Fast floating point abs function


What is the fastest way to take the absolute value of a standard 32 bit float on x86-64 architectures in C99? The builtin functions fabsf and fabs are not fast enough. My current approach is bit twiddling:

unsigned int tmp = *((unsigned int *)&f) & 0x7fffffff;
float abs = *((float *)&tmp);

It works but is ugly. And I'm not sure it is optimal?

Please stop telling me about type-punned pointers because it's not what I'm asking about. I know the code can be phrased using unions but it doesn't matter because on all compilers (written in the last 10 years) it will emit exactly the same code.

asked on Stack Overflow Jul 20, 2019 by Björn Lindqvist • edited Jul 20, 2019 by Björn Lindqvist

1 Answer


Less standard violations:

/* use type punning instead of pointer arithmatics, to require proper alignment */
static inline float float2absf(float f) {
  /* optimizer will optimize away the `if` statement and the library call */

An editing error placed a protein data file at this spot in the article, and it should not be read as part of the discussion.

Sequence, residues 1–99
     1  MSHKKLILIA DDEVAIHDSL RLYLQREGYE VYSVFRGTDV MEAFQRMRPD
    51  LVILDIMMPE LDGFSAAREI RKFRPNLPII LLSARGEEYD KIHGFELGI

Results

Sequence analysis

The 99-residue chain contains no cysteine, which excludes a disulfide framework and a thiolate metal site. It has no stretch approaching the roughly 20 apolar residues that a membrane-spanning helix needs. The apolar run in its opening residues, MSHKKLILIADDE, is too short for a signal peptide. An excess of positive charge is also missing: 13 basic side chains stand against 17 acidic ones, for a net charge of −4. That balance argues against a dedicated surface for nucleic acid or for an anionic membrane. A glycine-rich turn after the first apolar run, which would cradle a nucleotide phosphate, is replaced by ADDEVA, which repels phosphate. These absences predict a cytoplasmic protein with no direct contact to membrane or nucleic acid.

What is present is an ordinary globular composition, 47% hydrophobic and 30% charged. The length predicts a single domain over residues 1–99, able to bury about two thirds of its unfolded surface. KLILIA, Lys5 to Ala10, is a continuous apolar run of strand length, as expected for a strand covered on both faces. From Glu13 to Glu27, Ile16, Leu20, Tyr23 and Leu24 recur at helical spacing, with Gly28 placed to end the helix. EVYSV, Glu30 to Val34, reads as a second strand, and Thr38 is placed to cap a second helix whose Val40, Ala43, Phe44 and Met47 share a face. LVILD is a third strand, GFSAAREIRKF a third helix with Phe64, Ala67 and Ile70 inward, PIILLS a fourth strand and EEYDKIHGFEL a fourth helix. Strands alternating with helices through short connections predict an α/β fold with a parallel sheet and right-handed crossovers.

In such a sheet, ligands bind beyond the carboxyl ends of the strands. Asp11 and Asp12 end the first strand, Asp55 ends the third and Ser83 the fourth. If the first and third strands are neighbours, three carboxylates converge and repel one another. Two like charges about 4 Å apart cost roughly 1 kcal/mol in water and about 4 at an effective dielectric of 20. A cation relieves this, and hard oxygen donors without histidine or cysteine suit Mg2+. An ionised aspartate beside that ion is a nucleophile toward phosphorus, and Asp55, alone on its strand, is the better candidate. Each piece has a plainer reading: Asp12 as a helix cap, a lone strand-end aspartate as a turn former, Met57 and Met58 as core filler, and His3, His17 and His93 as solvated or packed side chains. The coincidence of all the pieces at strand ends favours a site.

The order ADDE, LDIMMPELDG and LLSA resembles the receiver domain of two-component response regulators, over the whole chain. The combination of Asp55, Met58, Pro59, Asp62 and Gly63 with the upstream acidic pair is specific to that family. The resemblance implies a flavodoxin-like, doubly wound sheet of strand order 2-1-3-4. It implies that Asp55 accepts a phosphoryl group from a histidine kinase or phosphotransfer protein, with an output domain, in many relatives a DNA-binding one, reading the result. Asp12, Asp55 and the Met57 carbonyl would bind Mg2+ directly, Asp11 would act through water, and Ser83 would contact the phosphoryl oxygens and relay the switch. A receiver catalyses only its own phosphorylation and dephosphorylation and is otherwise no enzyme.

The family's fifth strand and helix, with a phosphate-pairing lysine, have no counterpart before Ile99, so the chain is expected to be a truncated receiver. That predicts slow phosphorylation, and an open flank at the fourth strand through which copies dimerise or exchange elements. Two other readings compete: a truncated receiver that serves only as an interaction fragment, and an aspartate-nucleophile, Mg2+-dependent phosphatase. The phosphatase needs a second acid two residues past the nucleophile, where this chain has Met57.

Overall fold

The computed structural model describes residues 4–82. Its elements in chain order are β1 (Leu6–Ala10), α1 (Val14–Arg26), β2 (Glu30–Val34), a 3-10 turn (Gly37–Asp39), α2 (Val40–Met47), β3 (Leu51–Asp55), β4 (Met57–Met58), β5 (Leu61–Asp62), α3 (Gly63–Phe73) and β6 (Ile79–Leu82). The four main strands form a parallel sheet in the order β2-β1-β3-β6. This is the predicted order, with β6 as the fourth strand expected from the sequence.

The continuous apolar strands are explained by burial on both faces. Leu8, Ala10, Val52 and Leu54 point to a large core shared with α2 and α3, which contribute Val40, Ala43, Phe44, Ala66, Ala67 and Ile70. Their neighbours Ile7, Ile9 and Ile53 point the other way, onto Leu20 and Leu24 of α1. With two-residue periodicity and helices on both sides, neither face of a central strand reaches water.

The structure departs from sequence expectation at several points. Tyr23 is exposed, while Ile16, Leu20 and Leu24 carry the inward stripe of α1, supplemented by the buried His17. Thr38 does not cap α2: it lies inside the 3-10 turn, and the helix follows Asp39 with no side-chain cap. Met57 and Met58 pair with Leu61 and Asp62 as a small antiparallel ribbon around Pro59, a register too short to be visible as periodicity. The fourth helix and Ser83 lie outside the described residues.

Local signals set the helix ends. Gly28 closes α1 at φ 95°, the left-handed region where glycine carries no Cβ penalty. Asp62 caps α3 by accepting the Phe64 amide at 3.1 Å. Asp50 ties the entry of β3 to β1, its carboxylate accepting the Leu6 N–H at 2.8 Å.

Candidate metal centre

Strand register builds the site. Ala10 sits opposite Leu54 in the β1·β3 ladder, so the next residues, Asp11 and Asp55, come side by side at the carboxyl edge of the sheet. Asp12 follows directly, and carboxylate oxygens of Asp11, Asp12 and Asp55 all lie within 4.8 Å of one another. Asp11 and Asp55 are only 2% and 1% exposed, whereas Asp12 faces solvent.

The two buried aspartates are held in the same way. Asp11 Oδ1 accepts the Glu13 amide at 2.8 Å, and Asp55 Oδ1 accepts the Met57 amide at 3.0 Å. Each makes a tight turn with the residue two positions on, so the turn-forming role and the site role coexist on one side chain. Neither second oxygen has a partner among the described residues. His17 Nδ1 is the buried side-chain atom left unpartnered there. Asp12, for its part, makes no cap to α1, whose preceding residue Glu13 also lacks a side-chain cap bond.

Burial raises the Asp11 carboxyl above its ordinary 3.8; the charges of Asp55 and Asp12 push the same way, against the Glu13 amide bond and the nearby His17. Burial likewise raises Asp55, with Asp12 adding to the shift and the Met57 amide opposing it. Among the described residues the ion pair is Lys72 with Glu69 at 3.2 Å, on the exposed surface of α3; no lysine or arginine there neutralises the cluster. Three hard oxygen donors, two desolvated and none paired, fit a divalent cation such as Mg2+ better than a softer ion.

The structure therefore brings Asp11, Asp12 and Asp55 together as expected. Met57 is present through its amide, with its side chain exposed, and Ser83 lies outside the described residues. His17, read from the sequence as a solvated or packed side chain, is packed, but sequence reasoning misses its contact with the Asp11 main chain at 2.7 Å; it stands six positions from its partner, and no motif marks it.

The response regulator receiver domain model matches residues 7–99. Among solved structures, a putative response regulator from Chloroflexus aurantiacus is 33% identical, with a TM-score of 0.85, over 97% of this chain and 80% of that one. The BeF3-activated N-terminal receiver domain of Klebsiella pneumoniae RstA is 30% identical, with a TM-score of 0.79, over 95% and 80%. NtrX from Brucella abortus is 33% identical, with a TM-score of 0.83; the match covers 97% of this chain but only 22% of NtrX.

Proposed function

if (sizeof(float) == sizeof(uint32_t)) {
    union {
      float f;
      uint32_t i;
    } u;
    u.f = f;
    u.i &= 0x7fffffff;
    return u.f;
  return fabsf(f);

IMHO, it would be safer to use the library function. This will improve code portability, especially on platforms where you might encounter a non-IEEE float representation or where type sizes might differ.

In general, once compiled for your platform, the library function should provide the fastest solution.

Having said that, library calls require both stack management and code jumps unless optimized away, which - for a simple bit-altering function - could result in more then twice the number of operations as well as cache misses. In many cases, this is avoidable by using compiler builtins, which could be done automatically by the compiler (it can optimize library functions into inline instructions).

Your bit-approach is (in theory) correct and could optimize away the operations related to function calls, as well as improve code locality... although the same could be achieved using compiler builtins and optimizations.

Also, please note that your approach isn't standard compliant and it assumes that sizeof(int) == sizeof(float)... I think that type punning using a union will improve that little bit.

In addition, using an inline function could work out like using a macro and make the code more readable. In addition, it could allow a fallbacks to the library function if type sizes don't match.

answered on Stack Overflow Jul 20, 2019 by Myst • edited Jul 20, 2019 by Myst

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